International college soccer tournament coming to S.A. for next five years

August 7, 2017 GMT

San Antonio will host the World Collegiate Soccer Championship’s revival in March 2018, the first of five years the city has pledged to house the tournament, after a 25-year hiatus.

The championship will include men’s teams from eight countries, with confirmed participation from Spain, Turkey, Switzerland, Japan and Mexico. Invitations have been sent to Canada, the NAIA and NCAA. Eight teams will be ultimately chosen for the 2018 edition.

Comalander Stadium and Heroes Stadium will be the tournament’s venues, with Heroes hosting the final. Additionally, the stadiums will have the World Pre-Collegiate Soccer Championship Showcase and World Collegiate Club Championship Showcase, which San Antonio Sports expect to attract a total of more than 340 teams.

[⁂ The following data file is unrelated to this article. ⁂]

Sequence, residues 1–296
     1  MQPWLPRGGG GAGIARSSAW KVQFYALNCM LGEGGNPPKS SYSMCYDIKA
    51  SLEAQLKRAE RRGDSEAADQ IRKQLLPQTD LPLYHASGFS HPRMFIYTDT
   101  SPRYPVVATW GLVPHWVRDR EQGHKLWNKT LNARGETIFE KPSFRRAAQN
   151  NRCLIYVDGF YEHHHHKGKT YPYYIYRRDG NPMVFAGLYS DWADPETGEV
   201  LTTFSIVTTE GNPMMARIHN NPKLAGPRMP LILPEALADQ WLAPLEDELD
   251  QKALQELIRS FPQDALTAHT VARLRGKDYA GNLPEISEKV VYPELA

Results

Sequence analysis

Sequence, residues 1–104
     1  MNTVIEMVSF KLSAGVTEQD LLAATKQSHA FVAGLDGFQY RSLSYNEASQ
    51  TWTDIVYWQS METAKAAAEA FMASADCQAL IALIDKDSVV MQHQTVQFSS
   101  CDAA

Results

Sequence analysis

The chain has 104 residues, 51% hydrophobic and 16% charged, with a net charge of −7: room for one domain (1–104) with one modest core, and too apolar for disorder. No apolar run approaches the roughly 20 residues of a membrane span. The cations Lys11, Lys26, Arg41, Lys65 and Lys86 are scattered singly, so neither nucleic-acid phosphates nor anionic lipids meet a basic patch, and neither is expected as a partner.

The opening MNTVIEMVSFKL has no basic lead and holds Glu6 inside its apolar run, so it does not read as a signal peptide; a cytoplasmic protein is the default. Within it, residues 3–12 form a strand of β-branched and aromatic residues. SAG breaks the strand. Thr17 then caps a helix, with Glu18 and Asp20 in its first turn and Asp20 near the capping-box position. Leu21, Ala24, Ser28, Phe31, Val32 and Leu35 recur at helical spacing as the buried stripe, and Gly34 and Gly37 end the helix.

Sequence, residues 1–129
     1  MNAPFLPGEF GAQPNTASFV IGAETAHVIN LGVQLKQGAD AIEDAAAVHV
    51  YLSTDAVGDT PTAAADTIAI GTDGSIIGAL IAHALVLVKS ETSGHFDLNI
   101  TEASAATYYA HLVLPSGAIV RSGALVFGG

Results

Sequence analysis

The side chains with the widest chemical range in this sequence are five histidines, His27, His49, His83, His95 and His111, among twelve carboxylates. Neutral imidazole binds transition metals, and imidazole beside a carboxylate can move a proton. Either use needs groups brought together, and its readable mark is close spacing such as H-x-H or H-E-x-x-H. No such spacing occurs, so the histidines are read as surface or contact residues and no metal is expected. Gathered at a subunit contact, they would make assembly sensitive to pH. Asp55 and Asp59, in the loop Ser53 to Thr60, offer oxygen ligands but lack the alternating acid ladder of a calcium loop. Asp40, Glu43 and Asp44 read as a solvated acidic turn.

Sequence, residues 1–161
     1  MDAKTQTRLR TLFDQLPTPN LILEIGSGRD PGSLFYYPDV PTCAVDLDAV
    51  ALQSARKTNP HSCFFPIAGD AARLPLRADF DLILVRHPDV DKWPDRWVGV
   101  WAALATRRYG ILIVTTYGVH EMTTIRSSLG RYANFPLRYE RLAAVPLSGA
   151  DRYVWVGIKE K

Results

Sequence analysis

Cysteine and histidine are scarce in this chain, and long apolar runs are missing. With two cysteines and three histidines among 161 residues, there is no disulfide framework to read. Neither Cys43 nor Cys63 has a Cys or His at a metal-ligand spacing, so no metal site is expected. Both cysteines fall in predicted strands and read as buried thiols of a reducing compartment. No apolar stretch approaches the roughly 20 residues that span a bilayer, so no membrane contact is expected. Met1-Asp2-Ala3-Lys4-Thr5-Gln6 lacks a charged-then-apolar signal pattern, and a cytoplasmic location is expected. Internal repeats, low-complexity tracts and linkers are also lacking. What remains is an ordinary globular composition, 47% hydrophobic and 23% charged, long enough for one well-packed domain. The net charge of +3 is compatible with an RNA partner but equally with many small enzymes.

The tournament is projected to produce more than $13 million in annual economic impact for the greater San Antonio area, according to a study done by Steven R. Nivin Economic Research & Consulting.

Beyond the financial gains, President and CEO of San Antonio Sports Russ Bookbinder said the championship will give the city another notch on its soccer resume, which will be crucial when the time comes for bigger bids.

“We want ourselves to be considered in the mix for every major soccer event that comes out, and in order to do that, you have to continue to build your resume,” Bookbinder said. “This is a large scale, international event that helps build our soccer resume. So when we go out to try to move up in the bid process and be considered for larger bids, we have more and more of a story to tell.”

Bob Azar, the executive director of the WCSC, said Texas’s appeal internationally was important for the selection, and unlike Houston and Dallas, San Antonio is more walkable.

“When you go to foreign countries, they want to know where you’re from, you don’t say the city, you say Texas,” Azar said. “They always say, ‘Oh, Texas,’ and they have this image of Texas. When you say Texas, you can see their shoulders go back.”


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